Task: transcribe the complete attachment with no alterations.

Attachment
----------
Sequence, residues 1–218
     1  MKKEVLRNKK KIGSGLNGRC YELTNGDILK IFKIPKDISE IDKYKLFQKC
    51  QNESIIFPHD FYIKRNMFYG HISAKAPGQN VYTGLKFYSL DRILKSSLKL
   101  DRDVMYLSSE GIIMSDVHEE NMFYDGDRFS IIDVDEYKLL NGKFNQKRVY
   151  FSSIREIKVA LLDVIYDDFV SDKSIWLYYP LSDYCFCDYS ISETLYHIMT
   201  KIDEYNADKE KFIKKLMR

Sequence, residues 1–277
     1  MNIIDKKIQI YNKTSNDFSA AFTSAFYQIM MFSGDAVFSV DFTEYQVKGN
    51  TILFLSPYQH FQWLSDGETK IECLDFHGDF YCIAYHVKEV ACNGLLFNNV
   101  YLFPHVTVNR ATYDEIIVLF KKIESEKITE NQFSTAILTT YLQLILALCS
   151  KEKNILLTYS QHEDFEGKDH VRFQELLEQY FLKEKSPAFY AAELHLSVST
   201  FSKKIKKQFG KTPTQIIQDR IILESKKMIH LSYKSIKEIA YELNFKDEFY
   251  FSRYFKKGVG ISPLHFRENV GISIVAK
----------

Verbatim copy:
Sequence, residues 1–218
     1  MKKEVLRNKK KIGSGLNGRC YELTNGDILK IFKIPKDISE IDKYKLFQKC
    51  QNESIIFPHD FYIKRNMFYG HISAKAPGQN VYTGLKFYSL DRILKSSLKL
   101  DRDVMYLSSE GIIMSDVHEE NMFYDGDRFS IIDVDEYKLL NGKFNQKRVY
   151  FSSIREIKVA LLDVIYDDFV SDKSIWLYYP LSDYCFCDYS ISETLYHIMT
   201  KIDEYNADKE KFIKKLMR

Sequence, residues 1–277
     1  MNIIDKKIQI YNKTSNDFSA AFTSAFYQIM MFSGDAVFSV DFTEYQVKGN
    51  TILFLSPYQH FQWLSDGETK IECLDFHGDF YCIAYHVKEV ACNGLLFNNV
   101  YLFPHVTVNR ATYDEIIVLF KKIESEKITE NQFSTAILTT YLQLILALCS
   151  KEKNILLTYS QHEDFEGKDH VRFQELLEQY FLKEKSPAFY AAELHLSVST
   201  FSKKIKKQFG KTPTQIIQDR IILESKKMIH LSYKSIKEIA YELNFKDEFY
   251  FSRYFKKGVG ISPLHFRENV GISIVAK